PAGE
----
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A trip to Sri Lanka

Back in February, I was lucky enough to head out to Sri Lanka - a country known for its breathtaking landscapes, delicious food and, of course, for its tea. It would be easy to assume that India is where we do the lion’s share of our tea buying, with Assam in particular playing an important role in our breakfast blends. But in actual fact the region we purchase the most tea from every year, in tonnes, is Sri Lanka. Ceylon, as the tea from this region is still known, is an important component of our breakfast teas, bringing a brightness to the blends, and it is also the single-origin base of our ever-popular Earl Grey. Though I already knew the country well, my trip this time was to visit producers in a number of the different growing regions, get a better sense of any challenges they are currently facing, and finally to understand where the producers, and indeed the wider country, are from a sustainability perspective. I had 10 days, and a lot of ground to cover…

A short history of Ceylon tea

This small island off the southeastern tip of India is the 4th largest tea producer in the world. This is made more impressive by the fact that until the late 19th century, Sri Lanka had little or no tea farming at all. The land instead was dedicated to the production of coffee, until plantations were wiped out by devastating disease in 1870. It is thanks to enterprising British planter, James Taylor, who was living in Sri Lanka at the time, that the island’s tea industry exists at all. Following the blight of the country’s coffee trade, Taylor saw the fledgling tea industry in neighbouring India and decided he’d try his luck at growing tea too, with the first of his imported seedlings planted in 1867. His experiment paid off, the tea plants flourished, and the now trademarked Ceylon tea was born. Ceylon tea soon became synonymous with quality and tradition, gaining global recognition for its distinctive taste and high standards.

The many flavours of Ceylon tea

The most interesting aspect of Sri Lanka as a growing region is the island’s microclimates - most notably its differing elevations, with tea growing from sea level all the way up to altitudes of over 8000 ft. Low grown teas are characterised by thick wiry leaves, smokey flavours and strong, dark liquors. High grown teas, meanwhile, generally considered to be the crown jewel in Sri Lanka’s production, are aromatic, floral, crisp and fresh. Us Brits, long-term enthusiastic consumers of Ceylon black teas, have found our happy place somewhere in between, choosing the medium-bodied, brisk and citrussy teas produced in the mid-high regions of Uva and Dimbula in particular. My trip took me all over, but it is from these latter regions that we select our Ceylon teas.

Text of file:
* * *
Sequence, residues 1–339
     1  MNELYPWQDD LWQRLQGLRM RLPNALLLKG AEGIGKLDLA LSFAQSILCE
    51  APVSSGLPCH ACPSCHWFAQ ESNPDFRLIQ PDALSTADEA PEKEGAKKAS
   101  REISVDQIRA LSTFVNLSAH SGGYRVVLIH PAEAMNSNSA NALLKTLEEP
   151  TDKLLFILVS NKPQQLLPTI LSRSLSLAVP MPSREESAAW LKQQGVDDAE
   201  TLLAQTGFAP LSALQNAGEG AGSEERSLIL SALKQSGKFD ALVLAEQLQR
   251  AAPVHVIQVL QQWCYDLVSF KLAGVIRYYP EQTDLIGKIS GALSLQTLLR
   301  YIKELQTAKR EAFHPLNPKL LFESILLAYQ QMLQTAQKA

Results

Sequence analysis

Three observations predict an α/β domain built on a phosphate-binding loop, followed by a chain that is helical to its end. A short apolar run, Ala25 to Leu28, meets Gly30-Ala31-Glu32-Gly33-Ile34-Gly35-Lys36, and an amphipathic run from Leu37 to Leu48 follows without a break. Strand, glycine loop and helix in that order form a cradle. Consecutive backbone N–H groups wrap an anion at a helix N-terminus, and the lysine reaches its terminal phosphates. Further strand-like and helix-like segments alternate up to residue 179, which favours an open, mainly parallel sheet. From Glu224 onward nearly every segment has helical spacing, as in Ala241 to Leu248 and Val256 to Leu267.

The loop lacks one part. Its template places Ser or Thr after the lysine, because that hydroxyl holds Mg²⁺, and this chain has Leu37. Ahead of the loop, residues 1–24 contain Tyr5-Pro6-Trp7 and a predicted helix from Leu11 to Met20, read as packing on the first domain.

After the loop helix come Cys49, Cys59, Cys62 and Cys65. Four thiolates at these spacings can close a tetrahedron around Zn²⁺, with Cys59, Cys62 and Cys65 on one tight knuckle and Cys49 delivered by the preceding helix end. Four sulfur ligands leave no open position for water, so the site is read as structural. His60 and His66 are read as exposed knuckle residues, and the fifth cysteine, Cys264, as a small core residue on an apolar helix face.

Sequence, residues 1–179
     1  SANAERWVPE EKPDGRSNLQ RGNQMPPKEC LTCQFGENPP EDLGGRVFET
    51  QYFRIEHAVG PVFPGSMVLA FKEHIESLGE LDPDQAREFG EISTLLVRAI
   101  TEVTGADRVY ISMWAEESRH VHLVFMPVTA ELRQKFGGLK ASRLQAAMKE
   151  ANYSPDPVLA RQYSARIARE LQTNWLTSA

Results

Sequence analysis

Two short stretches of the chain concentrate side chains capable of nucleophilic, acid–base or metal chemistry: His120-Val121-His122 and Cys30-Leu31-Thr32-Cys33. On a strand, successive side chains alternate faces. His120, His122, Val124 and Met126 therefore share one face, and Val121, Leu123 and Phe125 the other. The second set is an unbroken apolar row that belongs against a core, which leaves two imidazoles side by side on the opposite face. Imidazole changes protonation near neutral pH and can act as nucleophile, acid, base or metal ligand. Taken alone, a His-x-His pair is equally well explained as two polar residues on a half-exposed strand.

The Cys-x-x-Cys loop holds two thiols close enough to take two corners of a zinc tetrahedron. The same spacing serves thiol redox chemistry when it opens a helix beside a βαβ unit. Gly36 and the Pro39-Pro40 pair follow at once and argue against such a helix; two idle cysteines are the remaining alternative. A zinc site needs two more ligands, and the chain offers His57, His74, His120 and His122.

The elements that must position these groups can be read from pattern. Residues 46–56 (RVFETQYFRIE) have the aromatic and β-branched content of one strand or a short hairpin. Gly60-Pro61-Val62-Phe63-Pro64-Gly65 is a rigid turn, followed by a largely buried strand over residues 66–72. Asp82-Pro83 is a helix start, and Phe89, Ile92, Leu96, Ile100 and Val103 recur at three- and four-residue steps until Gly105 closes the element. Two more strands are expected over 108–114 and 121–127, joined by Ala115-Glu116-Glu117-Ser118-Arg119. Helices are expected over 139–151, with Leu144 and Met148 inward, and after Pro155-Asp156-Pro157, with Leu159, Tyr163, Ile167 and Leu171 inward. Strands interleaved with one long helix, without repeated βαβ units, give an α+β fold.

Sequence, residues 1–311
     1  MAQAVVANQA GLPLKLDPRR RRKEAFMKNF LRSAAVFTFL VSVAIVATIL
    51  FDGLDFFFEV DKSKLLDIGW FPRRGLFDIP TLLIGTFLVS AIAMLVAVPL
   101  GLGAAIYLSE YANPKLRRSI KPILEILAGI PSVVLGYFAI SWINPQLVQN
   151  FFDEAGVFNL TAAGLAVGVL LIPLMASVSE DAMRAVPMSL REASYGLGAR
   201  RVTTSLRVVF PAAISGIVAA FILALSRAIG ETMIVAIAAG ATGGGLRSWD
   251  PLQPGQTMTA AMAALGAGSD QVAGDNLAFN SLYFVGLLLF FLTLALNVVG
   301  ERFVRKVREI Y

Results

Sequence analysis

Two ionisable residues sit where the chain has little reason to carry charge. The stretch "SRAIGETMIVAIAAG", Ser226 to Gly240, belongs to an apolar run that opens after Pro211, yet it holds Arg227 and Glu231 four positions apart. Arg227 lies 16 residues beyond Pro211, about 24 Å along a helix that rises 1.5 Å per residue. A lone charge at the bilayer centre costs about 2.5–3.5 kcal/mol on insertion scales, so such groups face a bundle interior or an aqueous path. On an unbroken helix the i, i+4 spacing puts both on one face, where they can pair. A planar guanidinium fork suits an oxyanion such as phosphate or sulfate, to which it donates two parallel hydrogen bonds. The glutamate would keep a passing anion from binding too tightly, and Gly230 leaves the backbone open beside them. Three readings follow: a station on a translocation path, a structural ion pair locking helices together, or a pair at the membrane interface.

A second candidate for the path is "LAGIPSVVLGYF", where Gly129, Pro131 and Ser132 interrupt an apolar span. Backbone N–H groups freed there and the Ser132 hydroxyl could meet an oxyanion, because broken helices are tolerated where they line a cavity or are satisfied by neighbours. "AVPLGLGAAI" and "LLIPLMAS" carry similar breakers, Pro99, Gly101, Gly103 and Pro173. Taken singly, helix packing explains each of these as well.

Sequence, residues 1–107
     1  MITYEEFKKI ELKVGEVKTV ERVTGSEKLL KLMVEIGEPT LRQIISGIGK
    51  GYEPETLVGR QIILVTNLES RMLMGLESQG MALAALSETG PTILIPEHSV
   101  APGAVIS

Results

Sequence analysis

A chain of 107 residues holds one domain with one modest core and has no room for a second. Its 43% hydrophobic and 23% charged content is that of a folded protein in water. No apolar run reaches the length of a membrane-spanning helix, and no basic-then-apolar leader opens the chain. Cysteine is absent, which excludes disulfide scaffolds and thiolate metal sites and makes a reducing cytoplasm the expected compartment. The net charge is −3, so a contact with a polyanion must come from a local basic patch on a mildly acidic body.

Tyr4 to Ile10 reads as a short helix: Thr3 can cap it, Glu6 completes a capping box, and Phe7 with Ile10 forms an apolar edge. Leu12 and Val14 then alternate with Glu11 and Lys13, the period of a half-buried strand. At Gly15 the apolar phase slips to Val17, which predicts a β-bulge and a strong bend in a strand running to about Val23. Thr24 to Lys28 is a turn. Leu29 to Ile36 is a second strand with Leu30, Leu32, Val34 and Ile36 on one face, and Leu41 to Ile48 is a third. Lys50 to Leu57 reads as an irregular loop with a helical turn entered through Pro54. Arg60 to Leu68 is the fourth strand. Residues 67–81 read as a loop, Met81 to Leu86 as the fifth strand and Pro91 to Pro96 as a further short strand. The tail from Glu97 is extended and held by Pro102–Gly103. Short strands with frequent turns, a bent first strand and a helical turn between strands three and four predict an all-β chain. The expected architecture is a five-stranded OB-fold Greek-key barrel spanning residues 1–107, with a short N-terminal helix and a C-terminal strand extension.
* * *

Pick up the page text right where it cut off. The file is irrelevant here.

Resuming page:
Although a greater focus on speciality in recent years has led artisan tea makers to start making teas of all types, the bulk of tea produced here is orthodox black tea, with its humid, tropical climate meaning the leaves can be harvested almost all year round. Buying this tea in Sri Lanka involves a well-established auction system in Colombo, where, rigorously regulated by the Ceylon Tea Board, large quantities of tea are traded, more often than not via brokers, with international buyers. This age-old system impressively moved, almost overnight, from a bustling auction room to a purely digital affair during Covid, but there is an ongoing debate over whether the process is a good thing for the industry. Affected as it is by wider supply and demand dynamics, there can be significant price fluctuations, which is challenging for small-scale farmers in particular, who depend on consistent income for their livelihoods. On the other hand it provides a structured and efficient sales platform where producers can connect with a wide range of buyers from around the world. The competitive bidding system can also help producers get a sense of the market value of their tea, so they can see the results first hand of investing in quality. Everyone I spoke to had a differing opinion on the matter, but for the moment, there is no doubt that the auction remains a central part of the industry there.